Learning how to start a presentation is just as important as knowing how to finish it. It is the beginning of the conversation that can make or break it in capturing your audience's attention. We forget that there are many ways to start a presentation that will engage the hearts and minds of the people you want to convey your message to.
At CustomShow, we value the importance of design and slide management, and we also understand that the delivery can be just as important as the slides you may use. We wanted to list 22 power tips and tricks that anyone from marketers and sales people to the common man can use to nail the beginning of their next presentation. We have a list of 22 strategies to consider, but we want to share a video that provides some more great insights on how to start powerful presentations:
Start Your Presentation By Getting People's Attention
Getting your audience's attention from the beginning is the most important thing one can do in starting a presentation. Yes, you want to introduce yourself and complete the formalities as quickly as possible, but without grabbing their attention, you've already lost them. Remembering the importance of capturing the attention of who you're speaking to will set you up for the many other strategies we convey.
Welcome Them With A Thank You
Another important formality is welcoming your audience with a thank you. It shows both sincerity and appreciation and additionally establishes the sense of community with your audience. A great example of this is welcoming them coupled with a thank you for the opportunity to speak, pitch or share.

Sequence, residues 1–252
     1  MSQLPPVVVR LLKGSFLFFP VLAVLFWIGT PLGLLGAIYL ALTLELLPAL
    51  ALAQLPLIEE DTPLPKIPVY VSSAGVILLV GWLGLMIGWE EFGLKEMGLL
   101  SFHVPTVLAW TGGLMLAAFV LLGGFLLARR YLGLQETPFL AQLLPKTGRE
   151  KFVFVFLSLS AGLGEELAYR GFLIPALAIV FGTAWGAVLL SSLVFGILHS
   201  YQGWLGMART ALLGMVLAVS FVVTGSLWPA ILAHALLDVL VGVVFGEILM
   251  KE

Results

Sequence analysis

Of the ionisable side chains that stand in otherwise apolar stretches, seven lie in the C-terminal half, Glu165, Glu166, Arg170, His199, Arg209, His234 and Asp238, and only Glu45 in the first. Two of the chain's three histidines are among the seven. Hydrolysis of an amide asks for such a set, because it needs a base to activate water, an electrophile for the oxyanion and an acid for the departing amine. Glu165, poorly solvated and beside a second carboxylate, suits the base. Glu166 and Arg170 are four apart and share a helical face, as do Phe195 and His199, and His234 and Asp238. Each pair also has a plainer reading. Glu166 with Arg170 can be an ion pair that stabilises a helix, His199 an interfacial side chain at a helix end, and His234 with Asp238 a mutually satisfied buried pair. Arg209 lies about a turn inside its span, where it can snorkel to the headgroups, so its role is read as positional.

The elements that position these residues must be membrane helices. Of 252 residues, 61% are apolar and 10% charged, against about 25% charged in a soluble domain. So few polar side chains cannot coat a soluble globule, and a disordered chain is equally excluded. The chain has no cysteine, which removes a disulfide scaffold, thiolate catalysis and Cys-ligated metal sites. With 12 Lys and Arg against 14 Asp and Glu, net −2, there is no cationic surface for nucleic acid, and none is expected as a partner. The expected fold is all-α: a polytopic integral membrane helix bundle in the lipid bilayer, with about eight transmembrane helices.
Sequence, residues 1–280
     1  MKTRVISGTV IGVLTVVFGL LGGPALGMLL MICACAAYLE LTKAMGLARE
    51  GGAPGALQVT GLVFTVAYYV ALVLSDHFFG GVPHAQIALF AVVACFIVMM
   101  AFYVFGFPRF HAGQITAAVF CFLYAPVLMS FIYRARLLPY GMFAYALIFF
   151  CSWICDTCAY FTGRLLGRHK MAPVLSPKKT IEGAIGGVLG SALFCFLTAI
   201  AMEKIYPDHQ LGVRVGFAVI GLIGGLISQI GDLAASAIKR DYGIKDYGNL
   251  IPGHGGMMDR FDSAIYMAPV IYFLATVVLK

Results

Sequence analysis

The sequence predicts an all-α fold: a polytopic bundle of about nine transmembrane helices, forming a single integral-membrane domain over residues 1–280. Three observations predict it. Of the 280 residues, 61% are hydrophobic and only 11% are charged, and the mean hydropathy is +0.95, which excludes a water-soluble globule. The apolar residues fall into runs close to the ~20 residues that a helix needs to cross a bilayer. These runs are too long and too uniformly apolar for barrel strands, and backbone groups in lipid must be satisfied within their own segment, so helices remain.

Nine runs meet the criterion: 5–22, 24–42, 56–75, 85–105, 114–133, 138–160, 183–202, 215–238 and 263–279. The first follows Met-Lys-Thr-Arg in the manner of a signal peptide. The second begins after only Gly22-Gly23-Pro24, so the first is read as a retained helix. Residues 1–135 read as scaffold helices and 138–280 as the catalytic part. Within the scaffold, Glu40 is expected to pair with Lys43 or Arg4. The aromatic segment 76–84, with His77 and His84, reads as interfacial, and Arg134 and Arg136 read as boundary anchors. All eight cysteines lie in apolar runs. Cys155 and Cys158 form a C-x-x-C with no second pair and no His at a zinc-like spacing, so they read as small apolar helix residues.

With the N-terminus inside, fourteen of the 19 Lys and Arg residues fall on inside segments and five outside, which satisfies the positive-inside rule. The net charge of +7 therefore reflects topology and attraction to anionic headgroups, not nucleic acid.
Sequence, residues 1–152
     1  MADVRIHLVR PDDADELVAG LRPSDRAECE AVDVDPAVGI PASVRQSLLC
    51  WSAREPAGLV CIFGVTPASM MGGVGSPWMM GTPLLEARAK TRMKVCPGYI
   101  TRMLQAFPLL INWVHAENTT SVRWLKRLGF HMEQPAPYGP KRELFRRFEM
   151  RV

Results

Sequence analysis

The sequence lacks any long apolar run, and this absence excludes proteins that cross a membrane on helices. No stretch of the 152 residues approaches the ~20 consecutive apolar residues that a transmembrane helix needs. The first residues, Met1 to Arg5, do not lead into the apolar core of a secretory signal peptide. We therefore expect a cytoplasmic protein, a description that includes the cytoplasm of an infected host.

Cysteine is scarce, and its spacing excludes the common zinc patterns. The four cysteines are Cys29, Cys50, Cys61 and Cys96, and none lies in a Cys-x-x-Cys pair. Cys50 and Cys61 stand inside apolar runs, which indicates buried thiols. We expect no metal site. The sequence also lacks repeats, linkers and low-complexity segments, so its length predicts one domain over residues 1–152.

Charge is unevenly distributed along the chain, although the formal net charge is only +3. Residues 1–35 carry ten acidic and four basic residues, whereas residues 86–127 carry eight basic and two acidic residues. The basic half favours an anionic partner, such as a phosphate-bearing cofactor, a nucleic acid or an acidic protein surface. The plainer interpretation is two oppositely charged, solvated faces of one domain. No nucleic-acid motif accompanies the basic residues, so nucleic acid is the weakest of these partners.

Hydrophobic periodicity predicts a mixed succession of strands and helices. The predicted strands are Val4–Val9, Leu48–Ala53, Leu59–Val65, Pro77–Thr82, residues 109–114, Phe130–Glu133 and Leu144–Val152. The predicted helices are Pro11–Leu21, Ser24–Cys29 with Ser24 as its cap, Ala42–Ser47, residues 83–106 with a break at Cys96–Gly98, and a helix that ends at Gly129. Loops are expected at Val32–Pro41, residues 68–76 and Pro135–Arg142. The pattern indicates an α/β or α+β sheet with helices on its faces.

Memorize Your First Opening Line
In general it is not a good idea to memorize your entire speech. It is however a good idea to memorize the beginning 4 - 10 sentences. This is critical because it allows you to feel confident and ride the wave of confidence as you continue your presentation. Even marketers and sales people can benefit from this approach with slides they use to further buttress their messaging. Most people think the best presenters wing it. While this is true, they typically practice and memorize the beginning and ending of their talks. This is a professional practice you should always leverage to your advantage.
State The Purpose Of Your Presentation
Generally your audience will know your purpose or why you're there but you want to be sure make it clear to them. For example, as a sales person you may be pitching to win a marketing and leasing assignment of a building in New York. As you begin to pitch the owner's management team, they'll know you're there to talk about how you can help market and lease their building. But another approach can be changing the purpose to "I'm here discuss our team's capabilities but more importantly discuss strategies you can implement and why they would be effective." Thinking about the purpose gives you that northern star to point throughout your presentation and they'll constantly revert back to it.
State how you want to deal with questions
Always remember to let the audience know how you will handle questions. If you are in a marketing or sales presentation, I would not bring this up. Simply give them the free will to ask questions when they best see fit.